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WordPress Plugin Development Primer

WordPress is capable of just about anything with the right plugins, this is my primer on how to start building them!

WordPress Plugins

Over the years I have used my WordPress plugin development skills to help clients solve problems, create unique interfaces, access remote API’s, and even to create web based games and chatbots.

With the power of plugins you can quickly craft an effective MVP for market testing a more complex application, build an e-commerce storefront, create a new type of social network, and just about anything else you could imagine!

So how can you get started? Let’s build one!

Let’s add the words ‘Hello World’ to the page title, before WordPress sends it to the browser.

What you’ll need to start developing WordPress Plugins:

  • a working WordPress installation
  • a text editor or IDE
  • that’s all

The specifics don’t particularly matter but I personally use MAMP PRO and PHPStorm to do most of my development heavy lifting.

You’re free to mix it up if you prefer Nginx or Eclipse, I won’t judge you. The only thing you have to care about at this point is that your setup works for you.

Initial Setup

Keep in mind these steps may look different depending on your setup. When talking about directories I will try to use bash style syntax and markup to indicate paths, directory changes, and other basic file io operations.

Find your way to your wordpress installation directory, most of mine look a little like this:

/Applications/MAMP/htdocs/[WP_PROJECT_NAME]/

Make note of this location for later use and then navigate to:

[WP_ROOT]/wp-content/plugins/

This is where WordPress looks for all plugins by default, so let’s create our plugin directory and navigate into it.

mkdir ijae-hello-world
cd ijae-hello-world/

I am calling this plugin “ijae-hello-world” as an homage to every programming course, book, and tutorial I ever read growing up.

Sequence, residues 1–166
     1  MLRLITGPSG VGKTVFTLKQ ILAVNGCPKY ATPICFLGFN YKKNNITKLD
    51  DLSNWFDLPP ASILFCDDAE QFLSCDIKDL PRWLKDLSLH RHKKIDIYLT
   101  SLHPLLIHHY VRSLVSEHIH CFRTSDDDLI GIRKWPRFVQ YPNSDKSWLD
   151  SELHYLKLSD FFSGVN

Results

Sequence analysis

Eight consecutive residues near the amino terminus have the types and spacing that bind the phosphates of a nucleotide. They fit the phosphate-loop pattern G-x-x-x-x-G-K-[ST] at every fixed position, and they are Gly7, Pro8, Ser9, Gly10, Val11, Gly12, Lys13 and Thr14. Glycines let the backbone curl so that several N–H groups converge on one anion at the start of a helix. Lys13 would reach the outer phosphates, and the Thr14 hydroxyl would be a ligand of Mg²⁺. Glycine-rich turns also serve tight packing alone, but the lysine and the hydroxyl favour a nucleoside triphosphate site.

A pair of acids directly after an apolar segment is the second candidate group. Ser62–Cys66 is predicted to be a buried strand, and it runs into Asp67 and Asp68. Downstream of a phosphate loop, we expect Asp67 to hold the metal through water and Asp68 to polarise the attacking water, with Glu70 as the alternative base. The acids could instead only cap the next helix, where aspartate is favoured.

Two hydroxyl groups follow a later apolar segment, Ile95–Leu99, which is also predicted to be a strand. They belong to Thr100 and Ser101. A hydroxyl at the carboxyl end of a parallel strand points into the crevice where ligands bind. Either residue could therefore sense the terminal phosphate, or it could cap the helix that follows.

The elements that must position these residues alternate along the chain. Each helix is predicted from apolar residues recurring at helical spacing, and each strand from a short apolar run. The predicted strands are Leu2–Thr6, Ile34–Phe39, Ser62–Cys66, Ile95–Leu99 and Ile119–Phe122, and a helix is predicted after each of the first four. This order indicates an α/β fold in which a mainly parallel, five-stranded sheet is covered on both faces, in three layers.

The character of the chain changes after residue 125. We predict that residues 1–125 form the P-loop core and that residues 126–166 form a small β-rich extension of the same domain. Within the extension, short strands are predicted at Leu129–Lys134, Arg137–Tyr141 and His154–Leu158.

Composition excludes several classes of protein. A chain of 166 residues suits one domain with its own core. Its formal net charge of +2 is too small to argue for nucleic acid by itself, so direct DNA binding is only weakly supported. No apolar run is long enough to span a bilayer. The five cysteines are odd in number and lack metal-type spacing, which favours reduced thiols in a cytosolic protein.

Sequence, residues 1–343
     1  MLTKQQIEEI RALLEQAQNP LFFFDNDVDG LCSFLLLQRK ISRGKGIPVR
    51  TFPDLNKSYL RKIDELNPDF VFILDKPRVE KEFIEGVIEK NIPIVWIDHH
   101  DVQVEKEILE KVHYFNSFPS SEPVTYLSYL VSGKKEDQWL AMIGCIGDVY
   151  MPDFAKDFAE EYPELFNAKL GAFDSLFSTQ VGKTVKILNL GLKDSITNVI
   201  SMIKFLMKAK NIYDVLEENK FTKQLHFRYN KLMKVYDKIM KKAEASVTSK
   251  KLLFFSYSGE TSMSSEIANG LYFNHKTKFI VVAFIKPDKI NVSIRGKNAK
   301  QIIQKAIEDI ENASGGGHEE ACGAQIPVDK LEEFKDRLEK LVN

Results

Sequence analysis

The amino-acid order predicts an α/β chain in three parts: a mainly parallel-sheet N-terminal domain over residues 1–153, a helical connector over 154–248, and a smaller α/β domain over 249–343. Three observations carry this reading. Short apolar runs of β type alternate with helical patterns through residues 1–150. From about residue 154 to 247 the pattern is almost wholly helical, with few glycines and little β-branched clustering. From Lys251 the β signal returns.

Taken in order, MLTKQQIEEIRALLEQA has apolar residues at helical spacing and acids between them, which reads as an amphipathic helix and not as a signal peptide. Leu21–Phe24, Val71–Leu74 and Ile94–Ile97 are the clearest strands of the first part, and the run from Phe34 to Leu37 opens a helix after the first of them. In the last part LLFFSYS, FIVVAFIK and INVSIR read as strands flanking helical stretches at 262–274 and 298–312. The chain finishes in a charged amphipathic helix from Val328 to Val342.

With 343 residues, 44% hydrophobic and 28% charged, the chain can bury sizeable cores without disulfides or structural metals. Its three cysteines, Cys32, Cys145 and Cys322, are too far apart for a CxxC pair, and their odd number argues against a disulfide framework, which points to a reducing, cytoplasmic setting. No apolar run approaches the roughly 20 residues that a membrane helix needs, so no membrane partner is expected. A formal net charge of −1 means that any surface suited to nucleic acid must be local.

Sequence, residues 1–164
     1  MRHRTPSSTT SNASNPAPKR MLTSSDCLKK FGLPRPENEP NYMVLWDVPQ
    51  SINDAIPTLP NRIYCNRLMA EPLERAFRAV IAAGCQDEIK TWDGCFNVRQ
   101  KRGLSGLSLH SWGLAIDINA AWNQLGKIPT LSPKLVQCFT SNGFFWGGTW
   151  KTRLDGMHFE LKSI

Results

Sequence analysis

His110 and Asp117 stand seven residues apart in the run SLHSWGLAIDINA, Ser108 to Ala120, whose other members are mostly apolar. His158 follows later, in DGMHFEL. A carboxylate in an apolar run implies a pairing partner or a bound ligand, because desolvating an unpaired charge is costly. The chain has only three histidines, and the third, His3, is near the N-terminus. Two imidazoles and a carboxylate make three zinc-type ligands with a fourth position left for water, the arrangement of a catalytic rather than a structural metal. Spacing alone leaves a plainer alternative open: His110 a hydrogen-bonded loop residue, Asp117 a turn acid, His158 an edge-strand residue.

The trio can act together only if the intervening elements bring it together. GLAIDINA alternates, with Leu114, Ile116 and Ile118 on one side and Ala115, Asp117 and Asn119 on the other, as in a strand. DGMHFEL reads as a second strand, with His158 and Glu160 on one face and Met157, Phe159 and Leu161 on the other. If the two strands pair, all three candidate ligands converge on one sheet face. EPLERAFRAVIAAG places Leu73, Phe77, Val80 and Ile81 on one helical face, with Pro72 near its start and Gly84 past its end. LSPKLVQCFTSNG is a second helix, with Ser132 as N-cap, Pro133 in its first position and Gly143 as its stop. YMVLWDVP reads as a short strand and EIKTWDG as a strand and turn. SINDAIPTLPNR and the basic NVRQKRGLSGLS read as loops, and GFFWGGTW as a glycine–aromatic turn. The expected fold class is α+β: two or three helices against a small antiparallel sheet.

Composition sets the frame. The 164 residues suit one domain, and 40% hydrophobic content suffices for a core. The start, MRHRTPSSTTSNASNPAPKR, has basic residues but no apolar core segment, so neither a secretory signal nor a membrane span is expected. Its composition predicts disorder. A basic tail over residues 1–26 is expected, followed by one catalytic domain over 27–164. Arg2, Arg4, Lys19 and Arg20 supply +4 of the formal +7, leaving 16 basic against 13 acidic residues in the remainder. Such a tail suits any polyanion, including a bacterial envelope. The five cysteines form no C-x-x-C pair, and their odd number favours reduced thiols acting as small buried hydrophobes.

Naming conventions and best practices:

  • Use a unique prefix to prevent collisions with core WordPress functions and other plugins

The WordPress Plugin File Header

So how does WordPress know which files it needs to load? One of the files in the directory must have a special “header” – a PHP comment block at the top that has been specially formatted with details about the plugin.

WordPress considers this the “main” plugin file and will load it automatically when the plugin is active.

Name your main plugin file after the plugin, just like we did with the directory.

touch hello-world.php
vi hello-world.php

At the very least the plugin header needs to have your plugin’s name:

<?php
/**
 * Plugin Name: IJA Examples - Hello World!
 */

And since we’re just getting started we can pretend that’s the only option.

When you head to the Plugins page in wp-admin you should see “Hello World” in the list of available plugins, not yet activated.

Hello World, A WordPress Plugin

Now that we have our main plugin file and header it’s time to make our plugin actually do something.

A Quick Guide to WordPress Hooks

WordPress largely runs on events and notifications that you will leverage to add functionality.

WordPress calls these events “hooks” and they come in two flavors:

  • Actions
    • Actions tell plugins listening for them when to perform logic related to specific events
    • Do not always have parameters passed into callbacks
    • Do not usually return values
  • Filters
    • Filters ask the listening plugins to take a look at event-specific data and modify it as necessary
    • Receive parameters in callbacks
    • Return values